Natural Connections: Three Little Wasps
By Emily Stone
Naturalist/Education Director, Cable Natural History Museum
“Check out this insect!” called our intern Kali from their desk in the Museum’s back office. On the outside of the window was a lanky black critter. Two long forked antennae, six long legs, smoky wings, and a long, jointed, curving abdomen all attached to a smallish head and thorax. Recognizing the creature as a wasp, and long tail as a modified abdomen become egg-squirting ovipositor, we all agreed that she looked like an ichneumon wasp.
Ichneumon wasps don’t sting, and feed only on nectar and water as adults, but the feeding habits of their larvae are more shocking. That long ovipositor allows the adult female to drill through soil, wood, and the skin of the larvae of other creatures and deposit the wasp egg in another mother’s larva. Then the wasp larva eats the other larva, sometimes quickly, and sometimes living with them while the food source grows and develops. The end result is the same, though: a grown-up wasp and an eaten-up host. Because the wasps have a close relationship with their host, but end up killing them, they are known as parasitoids.
Ichneumon wasps are incredibly diverse, and host-specific, with a particular species of wasp focusing on a particular species or genus of host insect. And, while their lifestyle may make us squeamish, they are incredibly important for keeping pest species in check and encouraging balance in our ecosystems.
A few days later, while eating ice cream at a rest area, I spotted another of these lanky, black wasps on the roof rack of my car. She flew off before I could get a photo. But, when I stopped to get gas, there was one just sitting on the vertical surface of the pump, at about knee height. This time I snapped a photo before she flew away. Having seen this same critter three times in as many days, I was keen to look them up and get an official identification on this neat wasp.
To my surprise, iNaturalist informed me that this was not an ichneumon at all!
Pelecinid wasps are similar to ichneumon wasps in that adults drink nectar, and they have long ovipositors for depositing eggs directly in the larva of another species. They just happen to be in their own family – Pelecinidae. And, while scientists estimate that there might be 100,000 species of ichneumon wasps worldwide, the Pelecinidae family contains only three species, with only one occurring north of Mexico. This was it: Pelecinus polyturator, the American Pelecinid Wasp.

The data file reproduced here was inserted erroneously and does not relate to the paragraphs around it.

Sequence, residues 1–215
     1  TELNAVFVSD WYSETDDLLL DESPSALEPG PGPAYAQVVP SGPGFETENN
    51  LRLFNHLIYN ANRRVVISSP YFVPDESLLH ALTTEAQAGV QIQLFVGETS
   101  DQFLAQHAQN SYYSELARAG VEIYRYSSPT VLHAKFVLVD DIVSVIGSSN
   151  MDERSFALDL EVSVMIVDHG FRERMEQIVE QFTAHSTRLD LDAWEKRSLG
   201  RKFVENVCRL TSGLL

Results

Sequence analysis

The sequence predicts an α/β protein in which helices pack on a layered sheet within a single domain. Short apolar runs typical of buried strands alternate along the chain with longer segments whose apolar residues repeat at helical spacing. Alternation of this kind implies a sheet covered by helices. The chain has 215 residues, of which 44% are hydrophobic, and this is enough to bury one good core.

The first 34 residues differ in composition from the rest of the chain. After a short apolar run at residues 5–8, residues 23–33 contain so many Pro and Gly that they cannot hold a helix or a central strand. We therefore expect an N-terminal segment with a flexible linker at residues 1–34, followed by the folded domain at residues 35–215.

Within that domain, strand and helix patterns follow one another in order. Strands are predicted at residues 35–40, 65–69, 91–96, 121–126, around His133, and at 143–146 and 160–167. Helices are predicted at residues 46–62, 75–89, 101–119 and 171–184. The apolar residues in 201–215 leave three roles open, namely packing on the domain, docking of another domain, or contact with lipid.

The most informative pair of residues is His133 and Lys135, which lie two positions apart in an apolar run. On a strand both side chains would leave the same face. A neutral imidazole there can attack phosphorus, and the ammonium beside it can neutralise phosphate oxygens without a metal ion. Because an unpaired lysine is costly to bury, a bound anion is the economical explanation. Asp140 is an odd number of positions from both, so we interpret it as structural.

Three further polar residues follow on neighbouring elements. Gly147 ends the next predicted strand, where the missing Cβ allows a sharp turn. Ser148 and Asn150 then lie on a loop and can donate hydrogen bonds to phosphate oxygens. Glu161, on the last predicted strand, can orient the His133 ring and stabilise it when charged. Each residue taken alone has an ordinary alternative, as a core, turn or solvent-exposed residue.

Like all of our favorite parasitoid wasps, these help control one specific pest species: Junebugs. I can remember many summer nights when those huge brown beetles would buzz against our window screens in the dark and scare me into thinking that a monster was trying to get into the house.
That’s not why most people are annoyed at Junebugs, though. The larvae of Junebugs feed on plant roots for two years as they grow through three instars and become more damaging with each growth spurt. Larger trees can survive this damage, but the beetle larvae do kill small plants. Our non-native lawns can’t survive major infestations of these native larvae, and turfgrass sometimes dies, aided by the actions of skunks and raccoons who go digging for a juicy larval dinner. As Simba says, “Slimy, yet satisfying.”
We can cheer on the Pelecinid wasps, then, as the female drills her ovipositor up to two inches deep in the soil and deposits a wasp egg on a Junebug larva. The wasp larva hatches and starts munching. Some species of wasp larvae are precise eaters, and do their best to consume the inessential parts first so that their host stays alive and fresh for as long as possible. Pelecinid larvae don’t seem to mind an expired meal and just chomp right in. Once the food is gone, they pupate and emerge as adults in late summer.
Scientists aren’t sure how she finds the larvae, but the wasp’s activity period coincides with the season when Junebug larvae migrate closest to the soil surface. Parasitoid and host are closely tied.
The most fascinating thing about Pelecinid wasps might not be their creepy feeding habits. Their mating system is wild, too! In North America, almost all of them are female and reproduce by thelytokous parthenogenesis. Parthenogenesis means virgin birth. It describes reproduction from an unfertilized, haploid egg, and it usually produces males. Other wasps and bees do this to produce drones. In the Pelecinid’s version of parthenogenesis, eggs start off as diploid, and produce genetically identical females without fertilization. Strangely, it’s just our species of Pelecinids who do this. The two species of Pelecinids who live in Central and South America have the normal male/female ratio and relationships in their populations.
So, since I saw three of these lanky black wasps in as many days, I’m guessing they’re in your neighborhood, too. Let me know if you see one, especially if they have the short abdomen of a rare male. I love when nature gets weird!
Emily’s award-winning second book, Natural Connections: Dreaming of an Elfin Skimmer, is available to purchase at www.cablemuseum.org/books and at your local independent bookstore, too.
For more than 50 years, the Cable Natural History Museum has served to connect you to the Northwoods. Our exhibit: “The Northwoods ROCKS!” is open through mid-March. Our Fall Calendar of Events is ready for registration! Follow us on Facebook, Instagram, YouTube, and www.cablemuseum.org to see what we are up to.